As Texas and Florida have been ravaged by hurricanes, most of us who choose to call Western New York “home” watch the news horrified yet revel in our decision to live in an area where the worst thing that can happen is a snow storm. We think that here -- 1,300 miles from Houston and 1,200 from Miami – we are safe and sound and fully protected from the hurricanes.
Sure, we might be from weather standpoint, but economically, we all will be feeling some pain.
It won’t be as great as that suffered by those having to replace their homes and worldly possessions, but we’ll be seeing our dollar shrink nonetheless, courtesy of the laws of supply and demand and the resulting price inflation.
It starts with plastics.
Those ubiquitous petrochemicals comprise or hold most everything consumers purchase, whether it’s a durable good, a beverage, a cleaning solution or packaged foods. Almost three-quarters of all the ethylene used to produce plastics is made in Texas along the Gulf of Mexico. The plastics corridor was right in Hurricane Harvey’s sights and two-thirds of the US ethylene production was shut down by flooding, damages, and outages. Industry experts don’t know when all the plants will be back online, nor do they know when the transportation infrastructure will be ready to handle those plants’ inputs and outputs.
Manufacturers who utilize Texas-made materials aren’t being very optimistic. The big boys like Newell Rubbermaid have cut back on 2017 earnings forecasts their while the little guys like Confer Plastics have warned their customers of pending supply and price issues (those plants damaged by hurricanes will have to recoup their losses somehow).
Plastic is everywhere. So, don’t be surprised if retail prices go up over the next six months for anything under the sun. And, if you work in any of the local automotive or healthcare factories or food and beverage processors that make things out of plastic, don’t be surprised when you see those machines being idled as supplies wane.
Similarly, oil is refined in Texas, too, which is why prices at the pump are rising dramatically. In many locales across the northeast, gasoline prices have risen by 30 cents in the past few weeks and there seems to be no end in sight to the growth. For a typical WNY commuter that will be a few hundred dollars lost over the next twelve months if prices stick. According to Moody’s investment services, every penny increase in gasoline prices reduces consumer spending by $1 billion over the course of the year.
Then there’s the issue of building supplies, their prices and overall supply.
There will be considerable repair and rebuild underway in Texas. As I write this, Irma has not yet hit Florida, but if the forecasts hold true, there will be devastation. You’re talking about two incredibly-populated states having to fix what happened. Harvey alone is likely responsible for $30 billion in property damages. That’s a lot of lumber – in a lumber market that has already seen prices jump by 31 percent this year because of America’s little trade war with Canada. Another 30 percent due to the hurricanes would not be unexpected.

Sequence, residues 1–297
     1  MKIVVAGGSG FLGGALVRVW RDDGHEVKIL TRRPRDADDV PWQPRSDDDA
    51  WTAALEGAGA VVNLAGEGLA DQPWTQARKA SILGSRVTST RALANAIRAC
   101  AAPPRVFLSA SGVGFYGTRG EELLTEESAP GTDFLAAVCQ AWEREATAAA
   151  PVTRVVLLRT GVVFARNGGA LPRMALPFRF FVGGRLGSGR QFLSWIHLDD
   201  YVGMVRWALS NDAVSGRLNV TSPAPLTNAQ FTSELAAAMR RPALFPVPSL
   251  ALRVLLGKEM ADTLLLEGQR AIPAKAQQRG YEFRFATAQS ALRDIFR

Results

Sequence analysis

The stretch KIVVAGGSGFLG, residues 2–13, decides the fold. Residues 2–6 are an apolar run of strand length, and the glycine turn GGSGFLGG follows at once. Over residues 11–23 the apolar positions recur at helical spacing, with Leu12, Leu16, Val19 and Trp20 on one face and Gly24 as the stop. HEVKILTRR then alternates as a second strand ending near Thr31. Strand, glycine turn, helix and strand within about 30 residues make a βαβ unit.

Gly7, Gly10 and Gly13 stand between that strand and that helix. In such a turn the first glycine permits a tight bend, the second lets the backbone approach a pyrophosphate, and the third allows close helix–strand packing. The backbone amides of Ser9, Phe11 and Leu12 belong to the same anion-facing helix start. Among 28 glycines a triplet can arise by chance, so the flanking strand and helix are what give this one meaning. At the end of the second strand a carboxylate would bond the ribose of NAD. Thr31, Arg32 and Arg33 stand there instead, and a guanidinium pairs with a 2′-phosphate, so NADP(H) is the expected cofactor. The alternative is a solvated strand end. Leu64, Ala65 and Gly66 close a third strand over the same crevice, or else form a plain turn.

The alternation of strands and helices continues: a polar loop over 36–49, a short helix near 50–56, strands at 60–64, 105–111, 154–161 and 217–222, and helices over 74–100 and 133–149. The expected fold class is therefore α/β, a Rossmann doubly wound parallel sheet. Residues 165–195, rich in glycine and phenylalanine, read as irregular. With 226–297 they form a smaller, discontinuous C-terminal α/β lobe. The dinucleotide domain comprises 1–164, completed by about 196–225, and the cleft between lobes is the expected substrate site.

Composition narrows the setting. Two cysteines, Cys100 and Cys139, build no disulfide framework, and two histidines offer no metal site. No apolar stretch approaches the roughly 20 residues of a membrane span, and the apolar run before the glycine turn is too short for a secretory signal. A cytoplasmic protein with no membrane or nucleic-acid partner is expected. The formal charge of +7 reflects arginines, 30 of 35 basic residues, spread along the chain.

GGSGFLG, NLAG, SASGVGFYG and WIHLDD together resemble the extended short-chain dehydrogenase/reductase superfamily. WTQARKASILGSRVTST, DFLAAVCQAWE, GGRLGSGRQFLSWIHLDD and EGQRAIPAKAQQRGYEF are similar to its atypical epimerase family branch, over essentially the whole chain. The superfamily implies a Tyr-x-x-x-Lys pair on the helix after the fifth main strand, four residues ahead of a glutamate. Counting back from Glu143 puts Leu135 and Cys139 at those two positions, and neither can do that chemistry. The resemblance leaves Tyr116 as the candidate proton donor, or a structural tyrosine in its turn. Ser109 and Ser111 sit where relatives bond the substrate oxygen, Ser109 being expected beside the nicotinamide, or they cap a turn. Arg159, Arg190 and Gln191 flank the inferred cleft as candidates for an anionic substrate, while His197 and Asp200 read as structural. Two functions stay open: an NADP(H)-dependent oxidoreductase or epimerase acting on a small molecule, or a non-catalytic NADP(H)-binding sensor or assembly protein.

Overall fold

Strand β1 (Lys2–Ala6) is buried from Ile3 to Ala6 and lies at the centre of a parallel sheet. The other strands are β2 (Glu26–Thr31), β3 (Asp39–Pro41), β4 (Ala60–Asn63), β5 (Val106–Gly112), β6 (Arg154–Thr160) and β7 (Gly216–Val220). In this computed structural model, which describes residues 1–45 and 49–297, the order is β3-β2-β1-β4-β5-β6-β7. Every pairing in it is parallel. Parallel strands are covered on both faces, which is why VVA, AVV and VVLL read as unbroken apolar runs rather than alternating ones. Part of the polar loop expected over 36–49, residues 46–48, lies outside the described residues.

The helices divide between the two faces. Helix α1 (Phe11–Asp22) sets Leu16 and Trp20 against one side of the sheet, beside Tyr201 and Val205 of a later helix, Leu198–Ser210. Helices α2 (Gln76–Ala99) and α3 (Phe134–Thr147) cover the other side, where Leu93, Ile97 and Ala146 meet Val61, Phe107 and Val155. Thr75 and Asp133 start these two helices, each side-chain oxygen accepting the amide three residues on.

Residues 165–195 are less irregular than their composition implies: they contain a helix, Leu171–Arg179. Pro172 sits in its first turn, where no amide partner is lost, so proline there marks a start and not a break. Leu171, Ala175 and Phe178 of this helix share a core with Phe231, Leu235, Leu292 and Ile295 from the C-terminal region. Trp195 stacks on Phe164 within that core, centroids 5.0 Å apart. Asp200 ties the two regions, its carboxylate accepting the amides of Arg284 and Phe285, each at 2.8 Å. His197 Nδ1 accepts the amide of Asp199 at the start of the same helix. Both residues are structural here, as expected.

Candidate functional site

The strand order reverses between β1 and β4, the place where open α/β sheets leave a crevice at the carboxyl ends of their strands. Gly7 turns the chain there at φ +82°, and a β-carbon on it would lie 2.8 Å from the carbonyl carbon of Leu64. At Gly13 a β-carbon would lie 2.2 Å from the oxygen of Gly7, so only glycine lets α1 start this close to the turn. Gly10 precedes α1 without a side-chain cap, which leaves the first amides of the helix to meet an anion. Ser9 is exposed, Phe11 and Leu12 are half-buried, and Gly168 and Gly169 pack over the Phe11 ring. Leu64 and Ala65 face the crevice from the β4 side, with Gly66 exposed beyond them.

Then, having access to building supplies is another issue. Rebuilding will affect the macro and the micro in ways you’d never expect.
I always use an anecdote from Hurricane Katrina to make that point. Back then, we were making gazebos at the factory that had smoke windows on them so those inside that gazebo had some privacy. After Katrina we had to suspend their production for a couple of months because we couldn’t get the smoke windows. Why? Building codes require homes along the coast to have smoke colored windows near ground level so sea turtles don’t go towards lights at night thinking it’s the sun.
That’s peculiar cause and effect that you will be happen in various ways and with a wide variety of products after the water settles in Texas and Florida.
What will we be looking at in regard to overall inflation? The higher gas prices have already accounted for a half-a-percent of inflation nationally. Over the 12 months will consumers see all goods and services rise by a whopping 5 or 6 cents on the dollar or more? That’s certainly foreseeable given that just over 2 has been the norm for our economy in recent years.
There’s an obvious domino effect – and a wide-ranging one at that -- when it comes to natural disasters. We may be far away from the epicenter of the damage, but we will still see our dollars float away, even here in WNY.
From the 11 September 2017 Greater Niagara Newspapers